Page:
You know a movie is more than a fleeting form of entertainment when there are so many aspects and layers that come to the surface as you think about it over the course of a night or a day or even several days. Birdshot is one such film.
It is beautiful in its parallelisms and symbolisms and also, interestingly, because at the core, it is simple.
Birdshot is about coming of age and the loss of innocence. While venturing deep in the mountains, fifteen-year-old Maya (Mary Joy Apostol) unknowingly kills an endangered Philippine eagle. This prompts authorities to start a manhunt to find the eagle killer. Forced to hide in the forest to elude the police (played by John Arcilla and Arnold Reyes), Maya hears the call of an eagle. She follows its call to a place where a grim secret unravels.
The film starts with Maya staring down the barrel of a shotgun getting ready to fire at the prodding of her father, Diego (Ku Aquino). The movie will come full circle to a very similar scene and the emotions are mirrored but also amplified.
Two main characters, Maya and Domingo (Arnold Reyes) have different but parallel lives, navigating the mire between innocence and “knowing.” No one in the film is completely innocent or guilty, no one is just good or just bad—there are many gray areas that the characters inhabit and traipse around. Much like real life.
Mikhail and Rae Red’s screenplay unravels slowly, like a ball of yarn in the paws of a kitten. The young writers use dramatic irony skillfully—the audience is excited at what happens onscreen, even as some characters do not see what we see. Perception is also called into question as what seem like spirits (very magic realism) come out from the shadows but only from the corner of the eye or pass by for a fleeting moment—so that you question whether there was indeed something there or if your eyes, or mind, or both are merely playing tricks on you.
Maya also seems like the bird whose name she shares, small and fragile and agile—but minuscule compared to the mighty and majestic Philippine eagle. That is, Maya without a gun. With a gun, she is empowered by the bullet. She is also growing up from a small girl to a lady, her monthly period is only one of many rites of passage she must deal with.
Domingo, a rookie cop with a wife and a baby, starts out zealous—maybe even overly so—as he tackles a case that everyone is trying to derail him from. Still, he pursues it, in pursuit of truth and at peril to his own life. But blood also gets in his hands as he struggles in the crevice between idealism and realism—or survival, as the case may be.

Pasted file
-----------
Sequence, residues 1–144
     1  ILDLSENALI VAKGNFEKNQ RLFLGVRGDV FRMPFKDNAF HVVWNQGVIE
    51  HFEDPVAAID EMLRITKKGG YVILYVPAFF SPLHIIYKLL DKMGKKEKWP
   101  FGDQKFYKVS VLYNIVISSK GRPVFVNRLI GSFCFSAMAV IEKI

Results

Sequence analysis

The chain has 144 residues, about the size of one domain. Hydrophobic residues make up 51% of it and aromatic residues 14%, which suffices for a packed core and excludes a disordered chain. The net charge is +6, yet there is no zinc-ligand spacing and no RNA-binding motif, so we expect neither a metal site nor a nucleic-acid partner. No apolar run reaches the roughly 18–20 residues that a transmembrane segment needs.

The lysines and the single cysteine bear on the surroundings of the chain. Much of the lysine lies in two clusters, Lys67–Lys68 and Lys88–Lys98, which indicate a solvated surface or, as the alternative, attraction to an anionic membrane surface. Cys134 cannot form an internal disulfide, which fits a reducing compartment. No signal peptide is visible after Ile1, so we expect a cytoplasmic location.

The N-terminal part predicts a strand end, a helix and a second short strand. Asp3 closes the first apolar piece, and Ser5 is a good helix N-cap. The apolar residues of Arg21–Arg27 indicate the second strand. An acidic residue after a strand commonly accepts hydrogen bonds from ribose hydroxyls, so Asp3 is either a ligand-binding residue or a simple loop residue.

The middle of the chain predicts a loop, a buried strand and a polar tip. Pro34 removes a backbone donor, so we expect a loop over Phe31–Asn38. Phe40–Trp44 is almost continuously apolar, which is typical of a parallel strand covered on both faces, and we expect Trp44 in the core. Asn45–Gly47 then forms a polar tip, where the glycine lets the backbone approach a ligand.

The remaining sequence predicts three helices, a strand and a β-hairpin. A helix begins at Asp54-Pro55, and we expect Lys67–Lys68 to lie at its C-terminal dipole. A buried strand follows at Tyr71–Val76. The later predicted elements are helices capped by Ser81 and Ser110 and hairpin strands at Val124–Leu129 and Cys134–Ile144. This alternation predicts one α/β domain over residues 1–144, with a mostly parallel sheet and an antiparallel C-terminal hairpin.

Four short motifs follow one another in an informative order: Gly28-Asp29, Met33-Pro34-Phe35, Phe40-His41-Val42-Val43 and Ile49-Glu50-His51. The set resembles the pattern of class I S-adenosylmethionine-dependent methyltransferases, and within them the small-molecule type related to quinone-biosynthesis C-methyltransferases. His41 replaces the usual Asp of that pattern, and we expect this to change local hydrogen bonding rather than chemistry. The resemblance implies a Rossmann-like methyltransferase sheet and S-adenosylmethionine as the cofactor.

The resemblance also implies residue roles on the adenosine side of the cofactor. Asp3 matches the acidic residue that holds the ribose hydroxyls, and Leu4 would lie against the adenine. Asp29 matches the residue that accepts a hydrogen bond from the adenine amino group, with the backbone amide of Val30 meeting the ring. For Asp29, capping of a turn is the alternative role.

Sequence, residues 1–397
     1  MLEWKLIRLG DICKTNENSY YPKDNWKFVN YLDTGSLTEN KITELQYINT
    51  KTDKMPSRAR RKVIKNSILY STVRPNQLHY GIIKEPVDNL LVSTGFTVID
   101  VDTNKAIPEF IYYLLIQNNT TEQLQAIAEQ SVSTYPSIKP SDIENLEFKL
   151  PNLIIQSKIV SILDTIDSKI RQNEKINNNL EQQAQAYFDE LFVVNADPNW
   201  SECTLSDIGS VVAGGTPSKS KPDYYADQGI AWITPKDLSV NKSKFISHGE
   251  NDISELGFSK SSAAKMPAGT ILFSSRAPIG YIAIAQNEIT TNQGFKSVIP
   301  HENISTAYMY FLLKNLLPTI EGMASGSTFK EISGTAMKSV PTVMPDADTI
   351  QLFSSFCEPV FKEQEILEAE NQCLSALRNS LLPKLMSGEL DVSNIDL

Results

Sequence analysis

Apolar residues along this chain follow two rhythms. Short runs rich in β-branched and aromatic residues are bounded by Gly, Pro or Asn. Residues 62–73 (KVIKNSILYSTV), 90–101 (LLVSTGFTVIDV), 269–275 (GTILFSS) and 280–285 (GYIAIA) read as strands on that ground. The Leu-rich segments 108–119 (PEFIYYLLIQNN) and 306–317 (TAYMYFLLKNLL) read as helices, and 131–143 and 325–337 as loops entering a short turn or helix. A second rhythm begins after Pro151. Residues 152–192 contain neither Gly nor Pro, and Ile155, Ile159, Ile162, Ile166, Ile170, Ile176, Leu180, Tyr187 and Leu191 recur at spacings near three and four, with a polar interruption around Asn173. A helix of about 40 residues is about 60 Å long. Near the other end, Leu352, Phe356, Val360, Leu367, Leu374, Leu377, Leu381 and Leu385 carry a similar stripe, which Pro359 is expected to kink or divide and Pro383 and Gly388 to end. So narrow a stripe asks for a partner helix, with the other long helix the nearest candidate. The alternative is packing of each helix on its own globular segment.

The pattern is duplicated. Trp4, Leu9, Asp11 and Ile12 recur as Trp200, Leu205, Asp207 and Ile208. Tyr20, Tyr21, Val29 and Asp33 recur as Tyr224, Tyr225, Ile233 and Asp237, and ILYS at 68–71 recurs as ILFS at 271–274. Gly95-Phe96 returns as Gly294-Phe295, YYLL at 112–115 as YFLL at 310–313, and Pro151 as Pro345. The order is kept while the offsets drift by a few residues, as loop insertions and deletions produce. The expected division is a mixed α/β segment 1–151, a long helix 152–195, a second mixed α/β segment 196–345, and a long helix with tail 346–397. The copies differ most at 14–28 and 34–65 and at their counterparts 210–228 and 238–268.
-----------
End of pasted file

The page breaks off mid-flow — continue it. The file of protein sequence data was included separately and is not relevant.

The story is not all somber. There are moments in the movie that provide the audience a chuckle or more.
John Arcilla is effervescent as Captain Mendoza, Domingo’s superior, who has the face and stance of an officer weathered by time and experience—and knowing too much. Arcilla plays the officer with compassion and passion. There are many comparisons that can be drawn between his role here and in the British film Metro Manila, yet he does not deliver the same performances. Captain Mendoza is loud and gruff, but he also reveals a vulnerability that was there once upon a time, and that is mirrored in Domingo.
Aquino shows both courage as a father protecting his only child and preparing her for the world, and softness as he tries to be both father and mother to her. In his quiet moments, his face registers several emotions, even when he tries to look stoic.
Mycko David’s cinematography makes the sand golden and the trees deep emerald, the sky blue with all the ranges of colors that occur naturally. David’s shots, combined with Jay Halili and Mikhail Red’s editing, contribute to increasing the suspense in the scenes. There is enough breathing room between them—so that each thrilling sequence is executed to full effect.
There is something so timeless about Birdshot. Not only are the issues relevant today but the general quality of mise-en-scene resist being “dated.” Again, the characters contribute to this timelessness and even placelessness, to coin a term.
The stories unfold in the Philippines—but they are portrayed so much so that they could happen anywhere in the countryside.
Mikhail Red is a skillful director who has crafted a story that is at once a surprise but vaguely familiar. The final scene will make audiences gasp then come to a grim realization. And the last shot is powerful bereft of any dialogue.
It won the Asia Future Best Film Award at the 2016 Tokyo International Film Festival.
Birdshot is part of Pista ng Pelikulang Pilipino of the Film Development Council of the Philippines. It is being shown nationwide from August 16-22, 2017.
Ed's Note: The "PEP Review" section carries the views of individual reviewers, and does not necessarily reflect the views of the PEP editorial staff.